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I am domesticated

  Fri 12th February 2021

On Thursday I was alone in a courtroom, controlling the technical side of an online application hearing, which would normally have been held with all parties present in that room.

I get an email, which was sent round to everyone in the Court, from the post clerk. "Could whoever did this" -- and there was a photograph of an envelope I'd addressed to Helen in Norway, sending her my change of address card -- "please be careful in future. This was very nearly missed. Air mail must be clearly marked as such."

Coming down back into the open plan office, where every error is public, I was hot with shame. By the way she muted her normally perky chatter as she spoke to me, I knew that one of my colleagues had recognised my handwriting and had reported it.

I bade as cheery a good afternoon to everyone as my reddened face would allow, and resigned by text the following morning. I sent a separate message to my manager. "I'm terribly sorry for the inconvenience this has...", then re-wrote it as "...I have caused." She was magnanimous. "It's alright, just as long as you are OK. Feel free to ring me for a chat."

But I wasn't going back, the photograph of the fraudster's envelope having been circulated as courtly samizdat.

It felt liberating, and as for work, there's plenty of cleaning shifts at the hospital, and I'm still working at The Big House. It's a liberation. Lettergate only hastened a decision to leave which I had planned anyway. I only wish my colleague who had found me out had just had a quiet word with me, instead of betraying me.

My family have been so pleased for me becoming a civil servant, which they see as an elevation into a respectable and ordered class, that I haven't told them that I'm back scrubbing toilets -- for an hourly rate inferior by ten pence.

On my first shift back at the hospital, as I was cleaning a sink, a patient said to me "this canula's still leaking." "Oh right OK, I'll tell a nurse." "Oh, sorry, I didn't realise you were a domestic." No, neither did I.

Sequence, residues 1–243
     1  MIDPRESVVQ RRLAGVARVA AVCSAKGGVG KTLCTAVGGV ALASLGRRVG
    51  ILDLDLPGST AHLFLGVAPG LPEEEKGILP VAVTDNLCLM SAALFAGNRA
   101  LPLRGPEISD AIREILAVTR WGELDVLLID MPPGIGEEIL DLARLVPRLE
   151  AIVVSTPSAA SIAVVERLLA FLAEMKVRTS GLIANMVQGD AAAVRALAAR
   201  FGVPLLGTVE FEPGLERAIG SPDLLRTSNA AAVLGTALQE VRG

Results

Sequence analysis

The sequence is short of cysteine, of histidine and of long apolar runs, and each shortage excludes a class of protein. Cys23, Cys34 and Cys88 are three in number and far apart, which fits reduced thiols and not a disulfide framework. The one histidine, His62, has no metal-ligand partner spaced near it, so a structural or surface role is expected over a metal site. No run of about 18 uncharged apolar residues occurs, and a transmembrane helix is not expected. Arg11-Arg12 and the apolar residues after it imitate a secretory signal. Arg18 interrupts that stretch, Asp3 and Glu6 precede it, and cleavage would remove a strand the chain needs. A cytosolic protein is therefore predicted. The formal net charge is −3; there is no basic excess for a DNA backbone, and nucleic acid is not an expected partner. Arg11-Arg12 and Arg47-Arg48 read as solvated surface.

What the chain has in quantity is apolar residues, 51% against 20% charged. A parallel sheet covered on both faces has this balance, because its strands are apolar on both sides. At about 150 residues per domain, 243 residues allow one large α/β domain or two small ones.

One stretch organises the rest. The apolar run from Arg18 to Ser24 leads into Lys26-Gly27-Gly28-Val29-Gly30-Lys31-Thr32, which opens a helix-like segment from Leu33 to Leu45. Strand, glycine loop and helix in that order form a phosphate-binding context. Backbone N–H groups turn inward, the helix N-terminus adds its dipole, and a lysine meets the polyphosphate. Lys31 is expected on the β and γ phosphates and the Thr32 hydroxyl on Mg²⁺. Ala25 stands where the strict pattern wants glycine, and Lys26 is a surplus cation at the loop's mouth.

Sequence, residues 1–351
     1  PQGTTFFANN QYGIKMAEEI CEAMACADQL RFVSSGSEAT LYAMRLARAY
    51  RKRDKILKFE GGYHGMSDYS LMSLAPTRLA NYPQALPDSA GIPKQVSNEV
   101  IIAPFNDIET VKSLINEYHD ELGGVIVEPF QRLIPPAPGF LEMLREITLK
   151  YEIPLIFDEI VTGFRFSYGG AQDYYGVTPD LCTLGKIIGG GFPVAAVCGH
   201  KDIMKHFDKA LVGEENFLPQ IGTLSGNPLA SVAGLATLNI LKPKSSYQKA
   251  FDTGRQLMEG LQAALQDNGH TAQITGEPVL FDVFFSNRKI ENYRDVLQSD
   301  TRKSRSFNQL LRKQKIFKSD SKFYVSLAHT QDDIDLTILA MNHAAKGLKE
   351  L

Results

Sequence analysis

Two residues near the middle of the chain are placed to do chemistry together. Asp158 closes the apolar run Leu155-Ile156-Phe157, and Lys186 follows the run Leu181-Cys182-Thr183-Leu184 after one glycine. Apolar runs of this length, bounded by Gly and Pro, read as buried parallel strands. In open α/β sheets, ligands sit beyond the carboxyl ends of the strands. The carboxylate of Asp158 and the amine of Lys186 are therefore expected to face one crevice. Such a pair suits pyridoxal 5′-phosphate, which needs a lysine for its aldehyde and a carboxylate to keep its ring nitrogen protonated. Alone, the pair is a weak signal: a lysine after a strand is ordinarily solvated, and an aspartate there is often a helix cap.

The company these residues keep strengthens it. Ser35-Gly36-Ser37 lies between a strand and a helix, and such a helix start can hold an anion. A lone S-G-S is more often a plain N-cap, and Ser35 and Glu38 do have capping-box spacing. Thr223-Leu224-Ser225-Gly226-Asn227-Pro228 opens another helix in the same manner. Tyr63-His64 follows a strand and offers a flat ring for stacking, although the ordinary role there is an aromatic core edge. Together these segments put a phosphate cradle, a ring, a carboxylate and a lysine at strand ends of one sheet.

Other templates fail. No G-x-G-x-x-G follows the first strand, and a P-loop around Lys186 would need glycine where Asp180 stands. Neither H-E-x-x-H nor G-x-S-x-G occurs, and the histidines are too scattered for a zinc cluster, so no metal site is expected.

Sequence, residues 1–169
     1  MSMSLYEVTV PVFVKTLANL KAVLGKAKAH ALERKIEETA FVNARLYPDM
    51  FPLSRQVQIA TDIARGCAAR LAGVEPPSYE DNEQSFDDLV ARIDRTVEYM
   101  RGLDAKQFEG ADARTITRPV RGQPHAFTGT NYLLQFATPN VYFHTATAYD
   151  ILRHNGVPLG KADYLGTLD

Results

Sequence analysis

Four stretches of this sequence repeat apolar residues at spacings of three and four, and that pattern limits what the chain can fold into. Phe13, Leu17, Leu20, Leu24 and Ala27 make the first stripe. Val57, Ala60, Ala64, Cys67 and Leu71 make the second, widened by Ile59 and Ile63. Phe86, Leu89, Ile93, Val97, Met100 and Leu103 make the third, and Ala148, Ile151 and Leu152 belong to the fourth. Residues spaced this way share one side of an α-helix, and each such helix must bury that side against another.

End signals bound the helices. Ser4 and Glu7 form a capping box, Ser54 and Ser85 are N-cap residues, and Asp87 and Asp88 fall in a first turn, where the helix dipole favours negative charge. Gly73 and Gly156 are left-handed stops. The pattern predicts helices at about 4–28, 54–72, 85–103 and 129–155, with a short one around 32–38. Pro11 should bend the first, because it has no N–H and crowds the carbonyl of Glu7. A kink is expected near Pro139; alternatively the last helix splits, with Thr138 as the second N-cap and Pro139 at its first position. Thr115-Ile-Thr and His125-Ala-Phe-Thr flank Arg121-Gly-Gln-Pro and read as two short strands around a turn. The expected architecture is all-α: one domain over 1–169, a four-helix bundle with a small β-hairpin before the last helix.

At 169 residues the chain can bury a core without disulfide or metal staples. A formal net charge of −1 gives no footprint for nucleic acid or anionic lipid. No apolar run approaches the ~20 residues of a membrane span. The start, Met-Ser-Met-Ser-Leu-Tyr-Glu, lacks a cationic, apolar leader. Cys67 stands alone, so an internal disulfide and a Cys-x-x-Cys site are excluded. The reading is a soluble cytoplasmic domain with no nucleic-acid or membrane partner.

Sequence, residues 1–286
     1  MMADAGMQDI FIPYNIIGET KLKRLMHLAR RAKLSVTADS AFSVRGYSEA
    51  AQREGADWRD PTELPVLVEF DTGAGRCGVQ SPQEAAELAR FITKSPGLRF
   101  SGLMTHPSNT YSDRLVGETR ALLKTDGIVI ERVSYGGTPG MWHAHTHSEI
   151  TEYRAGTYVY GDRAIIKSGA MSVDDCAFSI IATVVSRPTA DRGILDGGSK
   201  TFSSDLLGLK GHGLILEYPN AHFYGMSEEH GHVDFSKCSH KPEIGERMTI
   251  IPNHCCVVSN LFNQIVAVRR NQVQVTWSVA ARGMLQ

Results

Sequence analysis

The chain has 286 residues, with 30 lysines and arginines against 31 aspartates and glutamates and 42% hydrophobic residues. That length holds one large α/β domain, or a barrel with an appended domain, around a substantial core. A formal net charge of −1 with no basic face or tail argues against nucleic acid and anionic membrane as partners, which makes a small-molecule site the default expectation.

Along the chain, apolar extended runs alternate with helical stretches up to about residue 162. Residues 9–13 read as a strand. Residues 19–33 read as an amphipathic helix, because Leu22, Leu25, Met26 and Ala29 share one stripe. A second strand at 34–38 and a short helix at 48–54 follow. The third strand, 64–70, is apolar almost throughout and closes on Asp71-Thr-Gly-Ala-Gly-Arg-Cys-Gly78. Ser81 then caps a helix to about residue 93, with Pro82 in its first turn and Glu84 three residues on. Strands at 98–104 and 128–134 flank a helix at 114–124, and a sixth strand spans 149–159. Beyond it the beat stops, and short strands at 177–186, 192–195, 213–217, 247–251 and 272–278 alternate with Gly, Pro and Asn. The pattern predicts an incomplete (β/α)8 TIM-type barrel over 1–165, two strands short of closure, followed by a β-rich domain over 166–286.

Me and Mel went to the new flat. We bumped into some of the other denizens of the block, all maskless. "Can I introduce myself? My name's looby and this is my girlfriend Mel." Nods and smiles all round. We stood about while Billie, perhaps the unofficial concierge, told us of the improvised social programme now that the landlord has forbidden us from using the capacious communal lounge. Those that like society meet up on Wednesday afternoons where the corridor turns a right angle outside her flat.

"We do a raffle and have a cup of tea and a biscuit. If you want to join in you can buy something yourself or you can give me a fiver and I'll get the prizes." I wondered about the "cup of tea", suspecting that the odd small sherry might form part of our games of chance.

Pleased at the opening account we gave of ourselves, we left them to go to the flat, where we ordered pizza and a bottle of wine. There being no carpets, nor a bed, Mel had to stand up to get her dessert.

But at the moment, I'm still sharing a house with Cath, who was enthused by reading the other day that people in our sub-postcode are encouraged to do "surge testing" -- so under her cosh, yet another bit of retching on a twisting cotton bud, cooking up her anxiety catnip for her, fuel for her evangelism of worry.


A stranger gives me a new drug

  Sat 30th January 2021

On Sunday I was released from isolation. I felt a prisoner not of the virus but of Cath, who kept me in despite her taking us up to the local rugby club, getting tested, and both of us being negative. "But it's the incubation period," she argued.